“Thrill Me – The Leopold and Loeb Story,” with book, music, and lyrics by Stephen Dolginoff, is a truly thrilling piece of derring-do that gives us the sweep, horror and romance of one of the most chilling crimes of the last century. And in case you’re late to the party, Leopold and Loeb were not only icily intelligent teenagers, neither one 20 yet, and they were also lovers.
We meet Nathan Leopold (Joe Bigelow) at his parole trial, his fifth one after 34 years of incarceration. Voices of the parole board skewer him, as he’s asked to defend his petition for release. We are then treated to an extended flashback, as he tells his story of love, woe, and fate.
Dean Linnard is Richard Loeb, and when he and Nathan first meet after a long separation, you understand precisely the nature of their relationship. Richard is a charming sociopath, so when Nathan sings “everybody wants Richard,” it’s because Richard knows which buttons to push to make self-driven people into willing, swooning marionettes. Linnard has a burning intensity, with the thrum of high tension wires lurking just below human hearing, while Bigelow’s louche sexiness plays hide and seek with this sharp intellect. Throughout the entire play, one act performed without intermission, like a continuous camera shot, everything you think is true will turn on a dime in the denouement.
Musical director Andy Peterson is a masterful genius with his playing, making the piano feel like an entire orchestra, as he plays the Dolginoff’s score. Dolginoff has woven a lush musical that, in its opening bars, feels like Rachmaninoff meets “Jekyll and Hyde,” and we’re swept up in Peterson’s performance, as well as by the score. When Leopold sings his love songs, and he and Loeb harmonize, it’s sheer delight. Their voices are as pure as Peterson’s playing and, at times, I closed my eyes to feel the delicious friction of the harmonies.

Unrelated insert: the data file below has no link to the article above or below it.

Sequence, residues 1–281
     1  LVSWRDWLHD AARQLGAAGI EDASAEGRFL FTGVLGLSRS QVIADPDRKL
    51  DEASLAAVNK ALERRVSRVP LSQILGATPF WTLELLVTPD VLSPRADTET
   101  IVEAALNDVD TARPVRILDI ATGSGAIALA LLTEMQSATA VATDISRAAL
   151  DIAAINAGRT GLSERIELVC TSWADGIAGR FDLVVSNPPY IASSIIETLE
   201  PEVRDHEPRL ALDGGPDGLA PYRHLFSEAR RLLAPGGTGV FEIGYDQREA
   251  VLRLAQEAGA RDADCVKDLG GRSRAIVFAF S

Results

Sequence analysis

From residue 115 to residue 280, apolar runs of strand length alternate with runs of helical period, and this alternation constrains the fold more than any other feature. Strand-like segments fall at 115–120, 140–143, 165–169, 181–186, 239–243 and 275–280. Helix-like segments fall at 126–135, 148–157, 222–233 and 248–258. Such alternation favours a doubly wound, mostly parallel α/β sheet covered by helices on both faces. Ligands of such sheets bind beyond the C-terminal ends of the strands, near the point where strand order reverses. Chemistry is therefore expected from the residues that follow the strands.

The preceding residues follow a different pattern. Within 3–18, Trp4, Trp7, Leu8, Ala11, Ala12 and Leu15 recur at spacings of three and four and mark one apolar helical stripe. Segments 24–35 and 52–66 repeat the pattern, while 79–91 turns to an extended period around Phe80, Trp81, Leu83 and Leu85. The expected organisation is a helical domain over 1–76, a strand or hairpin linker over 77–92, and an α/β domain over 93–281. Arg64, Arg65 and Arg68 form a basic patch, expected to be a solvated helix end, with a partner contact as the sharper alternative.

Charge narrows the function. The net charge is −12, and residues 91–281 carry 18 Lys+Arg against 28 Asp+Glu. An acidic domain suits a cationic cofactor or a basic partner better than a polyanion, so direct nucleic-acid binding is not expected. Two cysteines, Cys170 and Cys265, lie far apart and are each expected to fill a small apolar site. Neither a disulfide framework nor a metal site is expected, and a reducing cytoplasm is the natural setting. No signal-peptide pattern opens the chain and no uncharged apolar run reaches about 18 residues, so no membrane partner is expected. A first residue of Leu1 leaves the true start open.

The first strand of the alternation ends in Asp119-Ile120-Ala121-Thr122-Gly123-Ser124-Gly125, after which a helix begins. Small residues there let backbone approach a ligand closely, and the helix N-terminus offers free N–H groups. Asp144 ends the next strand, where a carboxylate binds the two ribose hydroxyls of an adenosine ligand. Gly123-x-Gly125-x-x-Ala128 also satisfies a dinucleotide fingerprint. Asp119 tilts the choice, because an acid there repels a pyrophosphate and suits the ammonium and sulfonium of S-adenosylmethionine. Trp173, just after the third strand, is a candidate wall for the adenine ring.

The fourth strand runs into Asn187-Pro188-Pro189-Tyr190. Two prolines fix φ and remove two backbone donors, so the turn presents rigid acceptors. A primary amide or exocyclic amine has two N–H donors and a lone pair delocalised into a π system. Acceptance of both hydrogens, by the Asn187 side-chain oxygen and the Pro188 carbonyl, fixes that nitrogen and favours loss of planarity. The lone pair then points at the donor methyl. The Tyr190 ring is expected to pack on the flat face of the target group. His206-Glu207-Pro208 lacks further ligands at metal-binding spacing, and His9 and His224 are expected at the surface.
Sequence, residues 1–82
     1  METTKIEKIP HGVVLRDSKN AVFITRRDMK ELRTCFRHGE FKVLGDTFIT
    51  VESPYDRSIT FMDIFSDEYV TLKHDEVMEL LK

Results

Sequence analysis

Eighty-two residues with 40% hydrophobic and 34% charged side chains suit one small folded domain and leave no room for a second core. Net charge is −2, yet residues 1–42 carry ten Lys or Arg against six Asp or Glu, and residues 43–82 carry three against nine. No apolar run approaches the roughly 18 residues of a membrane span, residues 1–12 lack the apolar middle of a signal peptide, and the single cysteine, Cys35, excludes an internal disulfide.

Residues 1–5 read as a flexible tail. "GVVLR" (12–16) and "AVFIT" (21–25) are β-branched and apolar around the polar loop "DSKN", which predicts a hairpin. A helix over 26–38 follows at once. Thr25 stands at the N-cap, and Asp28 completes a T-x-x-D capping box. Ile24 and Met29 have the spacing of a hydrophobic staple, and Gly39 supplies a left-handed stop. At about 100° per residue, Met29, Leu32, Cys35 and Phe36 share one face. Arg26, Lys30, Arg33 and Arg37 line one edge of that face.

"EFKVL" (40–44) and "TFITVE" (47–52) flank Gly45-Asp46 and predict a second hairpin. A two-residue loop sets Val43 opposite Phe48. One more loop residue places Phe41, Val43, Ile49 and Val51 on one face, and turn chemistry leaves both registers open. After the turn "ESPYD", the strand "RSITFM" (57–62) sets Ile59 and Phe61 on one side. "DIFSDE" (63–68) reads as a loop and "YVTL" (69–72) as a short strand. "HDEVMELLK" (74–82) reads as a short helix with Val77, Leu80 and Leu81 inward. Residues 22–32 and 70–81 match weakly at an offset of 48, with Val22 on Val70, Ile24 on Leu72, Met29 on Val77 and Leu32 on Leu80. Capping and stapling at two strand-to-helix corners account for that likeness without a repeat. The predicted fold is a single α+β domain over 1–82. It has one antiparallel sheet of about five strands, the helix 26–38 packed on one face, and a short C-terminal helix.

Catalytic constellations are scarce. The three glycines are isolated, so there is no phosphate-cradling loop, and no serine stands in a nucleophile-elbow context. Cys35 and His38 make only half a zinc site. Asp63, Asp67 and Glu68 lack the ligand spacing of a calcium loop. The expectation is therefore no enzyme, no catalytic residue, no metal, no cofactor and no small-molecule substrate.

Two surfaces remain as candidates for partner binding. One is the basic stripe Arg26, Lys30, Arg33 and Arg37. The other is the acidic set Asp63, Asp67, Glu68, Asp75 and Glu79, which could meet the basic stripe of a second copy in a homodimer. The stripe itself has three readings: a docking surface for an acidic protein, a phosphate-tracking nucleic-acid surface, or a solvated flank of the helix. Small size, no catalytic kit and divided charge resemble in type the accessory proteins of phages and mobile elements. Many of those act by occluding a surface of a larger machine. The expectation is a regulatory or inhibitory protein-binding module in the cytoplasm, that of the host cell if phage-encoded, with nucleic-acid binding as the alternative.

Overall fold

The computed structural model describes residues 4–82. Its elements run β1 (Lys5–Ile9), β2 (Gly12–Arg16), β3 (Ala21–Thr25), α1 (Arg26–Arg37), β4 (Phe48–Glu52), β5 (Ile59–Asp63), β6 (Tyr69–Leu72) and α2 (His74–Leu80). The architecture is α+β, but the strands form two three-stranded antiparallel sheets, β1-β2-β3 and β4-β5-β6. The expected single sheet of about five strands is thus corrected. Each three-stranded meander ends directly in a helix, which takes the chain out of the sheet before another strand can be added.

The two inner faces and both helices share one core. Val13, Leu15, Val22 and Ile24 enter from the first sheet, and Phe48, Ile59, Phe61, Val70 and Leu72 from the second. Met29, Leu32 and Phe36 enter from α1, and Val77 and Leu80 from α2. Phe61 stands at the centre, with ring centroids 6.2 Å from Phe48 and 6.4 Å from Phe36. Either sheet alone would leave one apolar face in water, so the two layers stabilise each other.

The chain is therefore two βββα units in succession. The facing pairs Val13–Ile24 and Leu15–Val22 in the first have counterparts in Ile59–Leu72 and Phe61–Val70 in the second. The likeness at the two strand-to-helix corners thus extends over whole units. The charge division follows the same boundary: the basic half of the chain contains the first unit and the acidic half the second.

Brian Dudkiewicz has designed a set that’s like a razor–thin and sharp with nothing wasted. At one end, there’s a mullioned window that acts as a warehouse window, access space and, ultimately, perhaps a window to hell. At the other end is an exploded wall that has burst prison bars, behind which is Peterson. It was enjoyable and a bit surreal seeing only his left arm playing the piano, while the macabre story spun out before my eyes. Director Cheryl Katz’ staging took full advantage, with no wasted motion. It was living history and, while no one knows what these men actually said to one another, Bigelow and Linnard provide a very real-feeling potential history.
This is the perfect Chrisma-Chanu-Kwanzaa-kah gift for your friend who’s devoted to American Horror Story. It is a love story with more gravitas than “Sweeney Todd” and made all the more mad by being motivated by love rather than revenge. I’ll be seeing “Thrill Me” again.
for tickets to “Thrill Me,” directions, and more information. Be sure to visit the adjacent Context Room that has much information that makes the show even more meaningful! “Thrill Me” runs, in West Orange, New Jersey, through December 20.